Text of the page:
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From: David Abrahams (david.abrahams_at_[hidden])
Date: 2001-07-20 06:53:12

----- Original Message -----
From: "Jeff Garland" <jeff_at_[hidden]>
To: <boost_at_[hidden]>
Sent: Friday, July 20, 2001 6:50 AM
Subject: RE: [boost] Proposal: Require forward declaration header per

> > The main reasons for explicitly requiring that the library (and not the
> > party clients) must implement the forward declaration header is that it
> > difficult to create external forward declarations of templates and
> > creating such external forward declarations makes the client code more
> > difficult to maintain in respect to the library. For example, creating
> > declarations of standard library components is not portable (see
> Being ignorant of what the standard says here, and a big fan of forward
> declaration, a while ago I actually tried to create forward declarations
> parts of the standard library. As you say, it is not portable.
std::string, for
> example, turns out to have forward declarations in some standard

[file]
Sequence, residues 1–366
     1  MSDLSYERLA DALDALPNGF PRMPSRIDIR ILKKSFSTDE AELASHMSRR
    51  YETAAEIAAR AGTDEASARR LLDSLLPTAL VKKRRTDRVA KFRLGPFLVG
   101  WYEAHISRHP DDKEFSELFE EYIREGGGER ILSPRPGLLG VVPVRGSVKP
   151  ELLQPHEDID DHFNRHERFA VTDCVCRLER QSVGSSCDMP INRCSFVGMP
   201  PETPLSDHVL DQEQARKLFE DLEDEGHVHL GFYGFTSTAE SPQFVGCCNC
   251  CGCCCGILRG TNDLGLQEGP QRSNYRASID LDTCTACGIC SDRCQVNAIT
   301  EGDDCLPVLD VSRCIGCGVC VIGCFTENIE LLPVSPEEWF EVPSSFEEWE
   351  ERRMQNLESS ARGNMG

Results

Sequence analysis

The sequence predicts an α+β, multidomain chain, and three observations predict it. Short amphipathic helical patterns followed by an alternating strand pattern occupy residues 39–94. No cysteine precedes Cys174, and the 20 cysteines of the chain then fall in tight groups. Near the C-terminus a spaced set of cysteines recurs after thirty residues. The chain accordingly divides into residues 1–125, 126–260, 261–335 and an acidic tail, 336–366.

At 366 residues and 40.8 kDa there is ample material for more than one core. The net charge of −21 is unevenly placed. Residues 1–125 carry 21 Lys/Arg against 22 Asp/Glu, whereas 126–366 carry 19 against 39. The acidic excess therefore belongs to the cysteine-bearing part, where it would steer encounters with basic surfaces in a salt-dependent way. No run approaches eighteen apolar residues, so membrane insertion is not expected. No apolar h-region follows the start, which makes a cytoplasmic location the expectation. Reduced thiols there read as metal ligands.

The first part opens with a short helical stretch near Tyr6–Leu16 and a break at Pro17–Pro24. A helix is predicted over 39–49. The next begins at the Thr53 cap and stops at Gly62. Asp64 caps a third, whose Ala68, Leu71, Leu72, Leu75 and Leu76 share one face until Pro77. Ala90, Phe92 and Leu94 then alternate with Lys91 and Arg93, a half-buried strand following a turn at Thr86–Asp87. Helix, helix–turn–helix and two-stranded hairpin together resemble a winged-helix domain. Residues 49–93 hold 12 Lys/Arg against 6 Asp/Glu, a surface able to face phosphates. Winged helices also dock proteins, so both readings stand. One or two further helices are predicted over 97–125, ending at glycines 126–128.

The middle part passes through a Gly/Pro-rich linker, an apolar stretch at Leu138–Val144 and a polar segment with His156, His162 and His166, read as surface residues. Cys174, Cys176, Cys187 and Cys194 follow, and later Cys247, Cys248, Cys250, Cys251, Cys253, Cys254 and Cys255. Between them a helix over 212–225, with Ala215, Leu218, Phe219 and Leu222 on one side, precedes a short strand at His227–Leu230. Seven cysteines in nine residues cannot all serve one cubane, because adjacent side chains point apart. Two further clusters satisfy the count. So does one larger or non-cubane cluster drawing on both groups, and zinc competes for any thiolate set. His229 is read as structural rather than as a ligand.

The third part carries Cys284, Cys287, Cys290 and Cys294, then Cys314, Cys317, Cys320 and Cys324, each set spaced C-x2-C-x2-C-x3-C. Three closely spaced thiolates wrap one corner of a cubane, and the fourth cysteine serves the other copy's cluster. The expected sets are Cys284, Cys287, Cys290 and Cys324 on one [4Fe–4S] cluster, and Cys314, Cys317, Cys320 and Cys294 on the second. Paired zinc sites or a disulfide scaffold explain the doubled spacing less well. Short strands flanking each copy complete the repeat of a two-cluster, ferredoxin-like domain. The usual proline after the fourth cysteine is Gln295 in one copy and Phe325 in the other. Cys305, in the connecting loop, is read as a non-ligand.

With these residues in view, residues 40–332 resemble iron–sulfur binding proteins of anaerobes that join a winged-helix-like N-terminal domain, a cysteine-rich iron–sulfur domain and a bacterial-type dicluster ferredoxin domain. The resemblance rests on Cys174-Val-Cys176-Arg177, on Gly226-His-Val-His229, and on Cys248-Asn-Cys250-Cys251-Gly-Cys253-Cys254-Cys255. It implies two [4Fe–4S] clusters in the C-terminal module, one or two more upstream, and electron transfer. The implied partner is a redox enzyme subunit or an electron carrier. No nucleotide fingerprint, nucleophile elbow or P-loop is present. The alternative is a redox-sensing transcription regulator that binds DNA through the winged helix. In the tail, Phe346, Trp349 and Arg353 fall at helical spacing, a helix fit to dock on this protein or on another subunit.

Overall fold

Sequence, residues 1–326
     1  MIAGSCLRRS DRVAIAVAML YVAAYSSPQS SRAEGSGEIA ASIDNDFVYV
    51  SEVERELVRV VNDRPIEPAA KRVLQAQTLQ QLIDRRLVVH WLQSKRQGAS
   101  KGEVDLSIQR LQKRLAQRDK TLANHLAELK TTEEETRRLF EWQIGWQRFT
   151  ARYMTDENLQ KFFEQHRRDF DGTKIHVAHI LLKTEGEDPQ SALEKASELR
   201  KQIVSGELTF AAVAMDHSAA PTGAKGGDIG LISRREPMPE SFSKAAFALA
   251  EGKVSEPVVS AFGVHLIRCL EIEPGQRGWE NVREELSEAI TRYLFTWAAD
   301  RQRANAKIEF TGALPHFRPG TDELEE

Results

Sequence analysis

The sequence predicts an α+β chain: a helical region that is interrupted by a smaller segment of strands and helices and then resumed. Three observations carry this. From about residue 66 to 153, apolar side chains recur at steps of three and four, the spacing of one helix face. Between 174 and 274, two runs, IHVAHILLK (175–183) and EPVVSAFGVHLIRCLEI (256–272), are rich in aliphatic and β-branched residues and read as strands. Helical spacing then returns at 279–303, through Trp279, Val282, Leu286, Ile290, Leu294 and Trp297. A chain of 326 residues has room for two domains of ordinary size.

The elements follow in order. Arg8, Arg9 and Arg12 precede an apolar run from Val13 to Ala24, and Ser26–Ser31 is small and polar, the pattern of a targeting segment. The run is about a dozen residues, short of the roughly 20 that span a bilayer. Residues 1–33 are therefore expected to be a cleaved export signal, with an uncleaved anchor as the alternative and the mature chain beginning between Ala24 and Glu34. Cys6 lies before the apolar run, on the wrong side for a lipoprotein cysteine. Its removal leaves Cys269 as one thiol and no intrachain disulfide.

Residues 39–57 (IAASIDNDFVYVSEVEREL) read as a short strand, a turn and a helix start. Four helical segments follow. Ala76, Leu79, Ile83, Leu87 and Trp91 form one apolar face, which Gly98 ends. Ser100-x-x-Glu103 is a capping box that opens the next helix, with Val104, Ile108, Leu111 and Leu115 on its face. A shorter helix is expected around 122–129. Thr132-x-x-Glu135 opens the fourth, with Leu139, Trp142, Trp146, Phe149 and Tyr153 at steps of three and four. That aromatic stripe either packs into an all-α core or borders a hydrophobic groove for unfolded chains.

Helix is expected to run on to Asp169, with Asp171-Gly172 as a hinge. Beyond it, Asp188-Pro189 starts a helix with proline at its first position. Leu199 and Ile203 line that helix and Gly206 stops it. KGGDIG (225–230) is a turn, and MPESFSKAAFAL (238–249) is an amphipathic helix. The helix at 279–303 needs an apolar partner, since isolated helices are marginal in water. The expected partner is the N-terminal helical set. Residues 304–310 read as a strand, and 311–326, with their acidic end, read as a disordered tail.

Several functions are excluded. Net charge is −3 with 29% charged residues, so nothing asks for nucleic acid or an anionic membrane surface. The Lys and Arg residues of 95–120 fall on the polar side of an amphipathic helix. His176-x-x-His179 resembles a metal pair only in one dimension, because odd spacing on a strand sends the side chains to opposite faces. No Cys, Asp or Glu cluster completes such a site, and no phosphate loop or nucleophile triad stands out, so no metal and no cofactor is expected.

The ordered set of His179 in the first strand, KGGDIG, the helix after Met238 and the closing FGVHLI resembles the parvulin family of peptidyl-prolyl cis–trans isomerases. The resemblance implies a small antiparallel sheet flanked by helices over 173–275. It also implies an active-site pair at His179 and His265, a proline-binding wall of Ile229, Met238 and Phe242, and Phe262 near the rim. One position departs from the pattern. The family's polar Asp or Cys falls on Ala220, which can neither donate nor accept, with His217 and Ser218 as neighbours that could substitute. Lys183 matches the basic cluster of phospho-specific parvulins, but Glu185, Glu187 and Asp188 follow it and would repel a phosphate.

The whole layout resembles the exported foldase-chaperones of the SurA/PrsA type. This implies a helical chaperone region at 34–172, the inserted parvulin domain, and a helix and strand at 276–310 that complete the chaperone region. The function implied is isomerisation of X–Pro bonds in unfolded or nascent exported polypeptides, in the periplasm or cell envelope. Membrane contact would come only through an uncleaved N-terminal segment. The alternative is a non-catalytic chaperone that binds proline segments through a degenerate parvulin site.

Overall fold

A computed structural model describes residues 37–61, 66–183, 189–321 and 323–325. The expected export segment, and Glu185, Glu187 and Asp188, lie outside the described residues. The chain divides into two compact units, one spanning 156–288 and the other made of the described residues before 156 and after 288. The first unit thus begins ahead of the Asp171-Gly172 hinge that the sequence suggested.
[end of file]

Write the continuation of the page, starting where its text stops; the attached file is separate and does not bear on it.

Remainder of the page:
libraries, but
> not in others. Of course, these kind of issues can be easily solved by
> configuration.

That's well known not to work. However, for Boost libraries I think the idea
has promise. When I was primarily writing traditional OO code, forward
declaration was de rigeur, but I confess to have mostly given up the
practice as more and more of my code has become templatized. That's probably
OK if every header file is carefully written at the highest possible level
of granularity, so it's possible to avoid processing code you don't actually
need. The problem is that headers written that way are incovenient to use.

Before we embark on such a change, however, I think it's important to have
some clear idea of the potential benefit to users. Are there numbers? If
they've been posted, I must have missed them.


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